P = asphalt roofing production rate or asphalt charging rate, Mg/hr (ton/hr).

K = conversion factor, 1000 g/kg [7000 (gr/lb)].

(5) For coating operations, you must conduct the performance test while manufacturing one of the following final products:

(i) A 106.6-kg (235-lb) shingle or mineral-surfaced roll roofing.

(ii) A 6.8-kg (15-lb) saturated felt or smooth-surfaced roll roofing.

(iii) A 100-kg (220-lb) fiberglass shingle.

What are my monitoring requirements?

(a) If you are using a control device to comply with the emission limits specified in Tables 1 and 2 of this subpart, you must establish site-specific control device parameter values during the initial emission test and maintain those parameters as specified in Table 4 of this subpart.

(b) If you are using an emission test to demonstrate that no add-on control devices are required to comply with the emission limits specified in Tables 1 and 2 of this subpart, you must establish site-specific process parameter values during the initial emission test and maintain those parameters as specified in Table 4 of this subpart.

(c) If you are using means other than those listed in paragraphs (a) or (b) of this section to comply with the emission limits specified in Tables 1 and 2 of this subpart, you must apply to the Administrator for approval of an alternative monitoring plan under § 63.8(f). The plan must specify how process parameters identified in the initial compliance demonstration under § 63.11562(c)(2) will be monitored and maintained to demonstrate continuous compliance.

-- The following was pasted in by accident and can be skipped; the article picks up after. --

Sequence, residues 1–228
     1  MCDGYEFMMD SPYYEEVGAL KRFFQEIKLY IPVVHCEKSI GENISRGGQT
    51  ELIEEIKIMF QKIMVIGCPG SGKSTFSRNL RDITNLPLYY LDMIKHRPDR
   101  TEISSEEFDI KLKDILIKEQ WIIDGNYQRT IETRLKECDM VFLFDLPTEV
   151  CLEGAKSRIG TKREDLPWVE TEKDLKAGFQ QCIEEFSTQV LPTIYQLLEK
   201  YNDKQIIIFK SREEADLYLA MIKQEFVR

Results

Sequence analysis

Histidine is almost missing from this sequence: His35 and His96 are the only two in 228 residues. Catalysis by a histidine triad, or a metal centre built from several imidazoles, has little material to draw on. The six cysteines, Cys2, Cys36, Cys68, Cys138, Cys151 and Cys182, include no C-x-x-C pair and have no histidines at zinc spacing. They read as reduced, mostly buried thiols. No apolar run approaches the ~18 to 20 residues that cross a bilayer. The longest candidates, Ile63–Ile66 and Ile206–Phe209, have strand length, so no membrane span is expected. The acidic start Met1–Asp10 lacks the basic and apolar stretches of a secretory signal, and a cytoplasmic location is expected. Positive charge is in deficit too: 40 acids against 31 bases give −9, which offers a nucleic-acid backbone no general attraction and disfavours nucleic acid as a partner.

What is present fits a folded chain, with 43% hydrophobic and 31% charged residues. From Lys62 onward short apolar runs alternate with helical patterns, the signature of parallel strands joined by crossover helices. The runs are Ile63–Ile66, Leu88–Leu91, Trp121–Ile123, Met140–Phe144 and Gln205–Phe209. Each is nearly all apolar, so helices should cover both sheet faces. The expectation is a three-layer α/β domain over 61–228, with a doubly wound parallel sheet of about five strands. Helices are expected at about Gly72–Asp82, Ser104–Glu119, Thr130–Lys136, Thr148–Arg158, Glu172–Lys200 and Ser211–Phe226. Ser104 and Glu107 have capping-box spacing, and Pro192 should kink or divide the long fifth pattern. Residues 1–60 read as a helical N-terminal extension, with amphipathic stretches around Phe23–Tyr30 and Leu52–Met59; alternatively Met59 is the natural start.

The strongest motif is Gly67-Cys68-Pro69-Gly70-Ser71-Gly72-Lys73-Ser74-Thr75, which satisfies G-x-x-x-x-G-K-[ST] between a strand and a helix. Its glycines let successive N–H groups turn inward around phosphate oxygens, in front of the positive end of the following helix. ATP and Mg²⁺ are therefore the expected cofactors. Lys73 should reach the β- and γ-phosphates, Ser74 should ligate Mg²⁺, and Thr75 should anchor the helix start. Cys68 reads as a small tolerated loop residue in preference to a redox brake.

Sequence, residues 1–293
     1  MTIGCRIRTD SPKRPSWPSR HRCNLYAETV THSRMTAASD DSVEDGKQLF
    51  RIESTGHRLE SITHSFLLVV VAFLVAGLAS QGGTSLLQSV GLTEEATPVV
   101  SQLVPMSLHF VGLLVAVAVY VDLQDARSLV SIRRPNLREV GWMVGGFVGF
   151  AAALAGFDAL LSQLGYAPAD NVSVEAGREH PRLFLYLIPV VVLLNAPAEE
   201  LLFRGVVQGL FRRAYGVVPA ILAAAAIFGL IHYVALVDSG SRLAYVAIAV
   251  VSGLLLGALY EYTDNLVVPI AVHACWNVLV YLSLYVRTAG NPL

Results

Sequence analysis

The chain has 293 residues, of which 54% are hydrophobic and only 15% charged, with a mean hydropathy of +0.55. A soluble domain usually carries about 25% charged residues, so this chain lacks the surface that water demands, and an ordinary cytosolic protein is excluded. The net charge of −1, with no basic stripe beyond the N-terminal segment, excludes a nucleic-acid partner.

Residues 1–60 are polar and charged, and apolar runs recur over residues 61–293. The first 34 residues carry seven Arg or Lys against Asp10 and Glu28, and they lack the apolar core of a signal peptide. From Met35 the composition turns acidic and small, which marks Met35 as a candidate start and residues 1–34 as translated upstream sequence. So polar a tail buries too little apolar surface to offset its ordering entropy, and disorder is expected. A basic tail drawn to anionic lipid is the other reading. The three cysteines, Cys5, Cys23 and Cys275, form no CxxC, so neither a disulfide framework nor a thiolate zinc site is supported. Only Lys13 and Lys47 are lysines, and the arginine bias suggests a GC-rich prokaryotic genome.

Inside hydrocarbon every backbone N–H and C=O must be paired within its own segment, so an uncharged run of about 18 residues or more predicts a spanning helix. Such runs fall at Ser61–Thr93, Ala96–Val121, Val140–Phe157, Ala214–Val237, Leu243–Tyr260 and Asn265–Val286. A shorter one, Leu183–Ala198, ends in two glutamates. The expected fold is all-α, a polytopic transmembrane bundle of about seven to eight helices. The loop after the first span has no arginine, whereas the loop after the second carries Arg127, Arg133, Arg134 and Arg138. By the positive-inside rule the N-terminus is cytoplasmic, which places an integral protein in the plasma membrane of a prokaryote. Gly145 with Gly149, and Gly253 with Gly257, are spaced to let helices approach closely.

(d) If you are using a control device to comply with the emission limits specified in Tables 1 and 2 of this subpart, you must install, operate, and maintain a continuous parameter monitoring system (CPMS) as specified in paragraphs (d)(1) through (d)(3) of this section.

(1) The CPMS must complete a minimum of one cycle of operation for each successive 15-minute period.

(2) To determine the 3-hour average, you must:

(i) Have a minimum of four successive cycles of operation to have a valid hour of data.

(ii) Have valid data from at least three of four equally spaced data values for that hour from a CPMS that is not out-of-control according to your site-specific monitoring plan.